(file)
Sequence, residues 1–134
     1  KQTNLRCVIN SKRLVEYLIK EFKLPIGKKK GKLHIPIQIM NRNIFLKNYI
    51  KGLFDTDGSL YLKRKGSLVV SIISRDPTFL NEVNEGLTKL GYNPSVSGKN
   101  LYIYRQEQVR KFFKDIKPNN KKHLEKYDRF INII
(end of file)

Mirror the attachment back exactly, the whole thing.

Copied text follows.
Sequence, residues 1–134
     1  KQTNLRCVIN SKRLVEYLIK EFKLPIGKKK GKLHIPIQIM NRNIFLKNYI
    51  KGLFDTDGSL YLKRKGSLVV SIISRDPTFL NEVNEGLTKL GYNPSVSGKN
   101  LYIYRQEQVR KFFKDIKPNN KKHLEKYDRF INII